CWA President Chris Shelton calls on appeals committee, left. Committee members: Debra Brown, President, Local 3706; Todd Leyda, President, 4302; Mary Ann Hopkins, President, 6502; Michael Frost, President, 7603; Greg Schafer, President, IUE-CWA Local 86116; and Pat Telesco, Area Director, District 1.
Following the Presidents' meeting, CWA Secretary-Treasurer Sara Steffens provided a financial overview.
Rock Against the TPP!
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Fight for the Future, a digital rights organization, and legendary guitarist Tom Morello of Rage Against the Machine and Audioslave are teaming up to organize a nationwide road show to raise awareness about the dangers of the Trans-Pacific Partnership (TPP).
CWA is sponsoring the roadshow along with Citizens Trade Campaign, Demand Progress, Public Citizen, the Sierra Club and others. Through a series of concert events, protests, and teach-ins, this diverse coalition will reach huge numbers of people who have never heard of the TPP before.
"We are excited about building even more opposition to the TPP, with the support of all these new voices," said CWA District 7 Vice President Brenda Roberts.
The TPP trade deal has been negotiated in total secrecy with hundreds of corporate lobbyists helping draft the text. It poses a grave threat to good paying jobs, the environment, Internet freedom, food safety, and our democratic process.
NewsGuild Calls for National Legislation to End Non-Compete Agreements for Junior Employees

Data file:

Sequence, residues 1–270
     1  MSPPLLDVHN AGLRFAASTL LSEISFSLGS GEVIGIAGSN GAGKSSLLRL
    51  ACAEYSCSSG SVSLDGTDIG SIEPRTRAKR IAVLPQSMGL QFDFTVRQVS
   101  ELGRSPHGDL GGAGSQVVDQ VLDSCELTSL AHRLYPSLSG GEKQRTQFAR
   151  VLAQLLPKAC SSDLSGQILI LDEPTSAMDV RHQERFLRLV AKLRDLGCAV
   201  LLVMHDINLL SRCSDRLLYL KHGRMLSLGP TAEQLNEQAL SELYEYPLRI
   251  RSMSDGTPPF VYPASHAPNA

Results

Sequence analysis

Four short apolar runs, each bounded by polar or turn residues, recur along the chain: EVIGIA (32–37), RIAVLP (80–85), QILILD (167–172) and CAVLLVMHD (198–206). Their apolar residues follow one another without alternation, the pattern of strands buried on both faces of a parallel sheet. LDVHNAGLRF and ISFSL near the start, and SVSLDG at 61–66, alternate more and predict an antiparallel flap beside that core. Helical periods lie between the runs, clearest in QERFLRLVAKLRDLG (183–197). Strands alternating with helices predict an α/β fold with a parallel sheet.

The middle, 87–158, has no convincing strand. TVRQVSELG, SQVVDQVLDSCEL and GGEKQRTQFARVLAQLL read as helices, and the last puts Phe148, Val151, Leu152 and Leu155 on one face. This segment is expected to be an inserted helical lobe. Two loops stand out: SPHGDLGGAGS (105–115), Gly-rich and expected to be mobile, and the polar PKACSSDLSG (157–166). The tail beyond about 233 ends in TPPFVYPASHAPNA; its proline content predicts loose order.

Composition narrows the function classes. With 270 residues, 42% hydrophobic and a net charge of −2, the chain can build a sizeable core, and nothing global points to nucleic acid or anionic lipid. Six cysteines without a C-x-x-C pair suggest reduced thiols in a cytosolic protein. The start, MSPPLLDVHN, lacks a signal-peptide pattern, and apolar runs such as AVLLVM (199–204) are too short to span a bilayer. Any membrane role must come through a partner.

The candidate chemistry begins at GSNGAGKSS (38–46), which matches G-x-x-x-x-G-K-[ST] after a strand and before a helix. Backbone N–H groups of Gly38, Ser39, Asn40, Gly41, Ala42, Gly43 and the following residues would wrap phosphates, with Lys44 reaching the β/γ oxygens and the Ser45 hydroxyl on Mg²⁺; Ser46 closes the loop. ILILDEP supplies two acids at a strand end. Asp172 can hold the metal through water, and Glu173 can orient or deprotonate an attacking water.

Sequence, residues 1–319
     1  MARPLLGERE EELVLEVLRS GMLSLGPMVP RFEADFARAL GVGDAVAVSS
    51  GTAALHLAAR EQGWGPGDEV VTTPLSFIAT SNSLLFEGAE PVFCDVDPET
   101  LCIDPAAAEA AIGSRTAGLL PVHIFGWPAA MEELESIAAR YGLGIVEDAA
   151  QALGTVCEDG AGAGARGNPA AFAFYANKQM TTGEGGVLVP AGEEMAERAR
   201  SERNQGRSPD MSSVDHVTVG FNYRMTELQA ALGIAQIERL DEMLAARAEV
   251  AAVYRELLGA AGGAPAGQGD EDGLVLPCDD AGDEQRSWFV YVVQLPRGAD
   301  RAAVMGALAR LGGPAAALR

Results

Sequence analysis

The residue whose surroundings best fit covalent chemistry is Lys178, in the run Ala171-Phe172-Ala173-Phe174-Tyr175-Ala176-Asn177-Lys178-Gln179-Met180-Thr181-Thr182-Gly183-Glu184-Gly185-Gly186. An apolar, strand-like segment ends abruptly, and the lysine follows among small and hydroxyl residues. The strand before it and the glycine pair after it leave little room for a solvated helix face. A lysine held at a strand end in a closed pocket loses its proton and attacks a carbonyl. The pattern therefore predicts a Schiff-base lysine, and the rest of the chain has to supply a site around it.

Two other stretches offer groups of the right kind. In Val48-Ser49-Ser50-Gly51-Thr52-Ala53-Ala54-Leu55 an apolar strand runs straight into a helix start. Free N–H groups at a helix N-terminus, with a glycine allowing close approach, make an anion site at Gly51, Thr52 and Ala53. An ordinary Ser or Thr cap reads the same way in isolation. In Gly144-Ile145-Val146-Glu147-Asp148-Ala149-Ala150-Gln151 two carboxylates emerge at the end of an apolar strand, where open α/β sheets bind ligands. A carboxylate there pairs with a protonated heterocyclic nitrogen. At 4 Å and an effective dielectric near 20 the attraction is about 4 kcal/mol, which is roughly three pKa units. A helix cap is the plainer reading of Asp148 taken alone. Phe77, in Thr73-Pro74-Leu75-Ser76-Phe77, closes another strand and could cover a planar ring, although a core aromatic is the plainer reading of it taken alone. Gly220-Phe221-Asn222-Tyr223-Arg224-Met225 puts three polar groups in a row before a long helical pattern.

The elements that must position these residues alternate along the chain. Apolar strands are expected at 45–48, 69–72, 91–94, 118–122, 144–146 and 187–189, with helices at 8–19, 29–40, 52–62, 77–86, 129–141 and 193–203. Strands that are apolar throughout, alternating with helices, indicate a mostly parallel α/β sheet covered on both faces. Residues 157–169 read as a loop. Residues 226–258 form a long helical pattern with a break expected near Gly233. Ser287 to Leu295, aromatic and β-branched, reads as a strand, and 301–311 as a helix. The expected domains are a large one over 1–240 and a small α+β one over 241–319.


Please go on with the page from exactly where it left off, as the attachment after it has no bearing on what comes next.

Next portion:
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Following an investigation by the New York attorney general's office into whether companies like Law360 that require junior-level employees to sign non-compete agreements violate labor laws, Bernie Lunzer, president of The NewsGuild-CWA made the following statement:
"A non-compete clause is an outrageous demand that adds insult to injury for poorly paid employees, limiting their right and ability to better themselves by seeking new challenges and higher pay. Usually we're not talking about people with long and specialized careers, but young and less experienced workers who are trying to climb the career ladder and fully join America's middle class. These clauses can literally derail their future success. We applaud the New York attorney general's office for recognizing this, but we believe that changing employers' practices will require more action. The NewsGuild-CWA is discussing a push for national legislation to put an end to these senseless clauses and the unjust limits they put on journalists and other workers."